Thursday, January 29, 2015

A tantalising glimmer of information.

Some years ago we discovered a relative who had died in the Great War: Sapper John/Jack Wesley He was a coal miner who enlisted in the NZ Tunnelling Company, and died on 2 October 1917 near Arras. He is buried in Faubourg D'Amiens, the large cemetery in Arras. We first visited his grave in 2004.

A good friend who works at Auckland Museum alerted us top the amazing Auckland Museum online Cenotaph, and there we found a new photograph of Jack, one we'd never seen before.

What am amazing find. However our great dilemma has yet to be solved. How did he die? We have gathered together copies of the unit war diary, the official history, and his record of service, but none tell us how he died.

Still looking, and wondering.

The online Cenotaph can be found here.

Later on I'll post the text of a sermon I delivered in our College Chapel about Uncle Jack.

Monday, January 26, 2015

German 1914 Infantry Corps assets in 6mm

Momentous because I really am coming to the end of the pile of unpainted German 1914 figures in 6mm, I've just finished 6 stands of Irregular 1914 Jager (with MMGs) and three stands of engineers. These are Corps assets within the infantry Corps.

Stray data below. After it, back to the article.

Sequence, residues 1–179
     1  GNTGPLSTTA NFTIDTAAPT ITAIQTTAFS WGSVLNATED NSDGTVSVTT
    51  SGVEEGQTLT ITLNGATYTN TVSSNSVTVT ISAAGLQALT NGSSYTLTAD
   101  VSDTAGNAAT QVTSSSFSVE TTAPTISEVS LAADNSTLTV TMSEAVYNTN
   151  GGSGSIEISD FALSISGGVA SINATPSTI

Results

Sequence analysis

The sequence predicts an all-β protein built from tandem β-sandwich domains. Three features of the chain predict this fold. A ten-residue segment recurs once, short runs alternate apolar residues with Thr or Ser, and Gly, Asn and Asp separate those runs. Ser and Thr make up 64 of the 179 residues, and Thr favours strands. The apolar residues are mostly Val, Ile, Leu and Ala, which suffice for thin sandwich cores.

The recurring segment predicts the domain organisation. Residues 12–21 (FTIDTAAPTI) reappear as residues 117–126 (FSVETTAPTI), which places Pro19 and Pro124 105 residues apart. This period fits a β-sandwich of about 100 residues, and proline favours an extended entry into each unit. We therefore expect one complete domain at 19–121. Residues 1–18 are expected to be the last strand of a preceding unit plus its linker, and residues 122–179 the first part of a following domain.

The Jager. I put more green 'foliage' on these bases. I thought it was more indicative of their role.

A close-up of one Jager stand.

The three Engineer stands

I thought that when painted these Irregular figures were quite characterful. They look unpromising when unpainted, but suitable wet brush, wash and dry brush really bring their detail out.

Now for a few outstanding French stands (some cavalry and artillery) before I launch into the Russians.

Forcing the Uvarova

The vastness and the difficulty of the terrain through the Caucasus meant that by 1915 there were still avenues to be explored if victory wa...